As many Government restrictions have eased, consumers can now celebrate International Beer Day, in the quintessential British business – the pub. However, your tipple of choice, whether that be a pint of lager, a bottle of pale ale, or a pilsner may depend on your local pub.

While the re-opening of pubs is welcome news to publicans and consumers alike, pubs (like the rest of the hospitality and food and drink industries) have taken a majority hit due to COVID-19. Some impacts of COVID-19, such as temporary measures on destruction of spoilt beer, have been discussed in an earlier article. While introduced before the lockdowns hit, the Tied Pubs (Scotland) Bill may become a lifeline to some tied-publicans in Scotland.

What is a tied house?

In Scotland, as with the rest of the UK, there are two main types of pubs: free houses and tied houses. A free house is a pub where there are no restrictions on the beers that it can stock. Inability to obtain funding can be a major stumbling block for would-be publicans from purchasing or renting a free house.

A tied house is typically rented from a pub company (Pubco) or brewery with a requirement to purchase their beer or enter into a supply agreement in exchange. A tied house tends to come with a much lower rent then a free house, lowering the threshold for starting up a business. Beer ties offer budding entrepreneurs a first step on the ladder, especially where they may have no previous experience of running a pub.

With an obligation to sell only the beer and products provided by the landlord Pubco or brewery, which often come at above market prices, the tied tenant is unable to shop around for potentially cheaper beers. Landlord Pubcos and breweries tend to have the more negotiating power and tied tenants may also have little protection against price increases or receiving beer of poor quality. While tied houses tend to come with lower rents, this beer tie can eat into the profits of the tied tenant.

Tied pubs can result in a lower choice of beers available to consumers and can be detrimental to independent and smaller breweries without any pub ties. Pubcos and Breweries who have tied the pubs in certain areas may effectively create a monopoly in that area, limiting the products which are available for purchase.

Tied Pubs (Scotland) Bill

The Tied Pubs (Scotland) Bill seeks to govern the relationship between landlord Pubcos and breweries, and their tied tenants. The Bill aims to improve the position of tied tenants with the principle that tied pub tenants should not be worse off than if they were not subject to a beer tie.

The Bill looks to create a new Scottish Pubs Code, together with a Scottish Pubs Code Adjudicator.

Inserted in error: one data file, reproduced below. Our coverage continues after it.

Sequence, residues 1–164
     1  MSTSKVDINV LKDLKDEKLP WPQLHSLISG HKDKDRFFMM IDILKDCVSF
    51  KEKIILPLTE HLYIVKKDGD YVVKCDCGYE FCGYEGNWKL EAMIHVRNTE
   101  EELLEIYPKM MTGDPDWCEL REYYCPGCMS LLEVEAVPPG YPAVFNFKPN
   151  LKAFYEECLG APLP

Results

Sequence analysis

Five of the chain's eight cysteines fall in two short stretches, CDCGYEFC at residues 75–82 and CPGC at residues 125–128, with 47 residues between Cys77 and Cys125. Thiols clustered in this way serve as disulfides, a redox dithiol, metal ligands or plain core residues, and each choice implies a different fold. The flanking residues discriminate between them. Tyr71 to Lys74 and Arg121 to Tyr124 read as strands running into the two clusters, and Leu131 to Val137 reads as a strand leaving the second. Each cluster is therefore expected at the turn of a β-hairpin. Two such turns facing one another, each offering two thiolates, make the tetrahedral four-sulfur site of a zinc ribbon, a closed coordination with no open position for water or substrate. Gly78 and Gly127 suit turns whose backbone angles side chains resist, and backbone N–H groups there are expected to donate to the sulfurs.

The draft new Code currently provides that:

  • Tied tenants must be allowed to sell at least one guest beer, of the tenant’s choice, regardless of the producer
  • Landlord Pubcos and breweries must offer a new Market Rent Only (MRO) lease, which does not include a beer tie, to tied tenants who request this 
  • Parties are to use reasonable endeavors to enter into a MRO lease
  • The Scottish Pubs Code Adjudicator will have powers to enforce the Code, including imposing financial penalties

Further, the Bill proposes that any terms in a Tied Tenancy that are inconsistent with the new Code will be unenforceable.

What can we learn from England & Wales?

A statutory Pubs Code and an independent Adjudicator were introduced in England & Wales in 2016, together with a MRO lease option to end beer ties in certain circumstances. However, few applications to end the beer tie have so far been successful, with tied tenants and landlord Pubcos and breweries clashing on interpretations of the Code. Tenants have argued that their landlords are attaching unreasonable conditions to new non-tied lease, such as excessive rents and upfront costs. Landlords have also been accused of delaying negotiations and even serving notices on tied tenants who have sought to use the MRO option.

In Scotland, the proposed scope of the MRO option appears wider than that of England & Wales, and includes an obligation on pub owning businesses to make a genuine attempt to conclude these agreements.

As pubs already face ongoing and future challenges of COVID-19, with declining visitor numbers as more people are drinking at home, giving tied tenants an option to cut the beer tie could help them change consumer habits and open the doors to more independent and smaller breweries.

The devil, as always, will be in the detail of the final bill and the effectiveness of a new Scottish Pubs Code will remain to be seen in a post-COVID-19 Scotland.